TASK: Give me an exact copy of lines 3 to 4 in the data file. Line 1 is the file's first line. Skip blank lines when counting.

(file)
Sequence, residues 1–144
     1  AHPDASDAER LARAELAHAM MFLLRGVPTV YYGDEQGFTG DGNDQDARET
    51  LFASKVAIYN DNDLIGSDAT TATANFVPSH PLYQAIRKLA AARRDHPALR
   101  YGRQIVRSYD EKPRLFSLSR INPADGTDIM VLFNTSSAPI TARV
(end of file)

    51  LFASKVAIYN DNDLIGSDAT TATANFVPSH PLYQAIRKLA AARRDHPALR
   101  YGRQIVRSYD EKPRLFSLSR INPADGTDIM VLFNTSSAPI TARV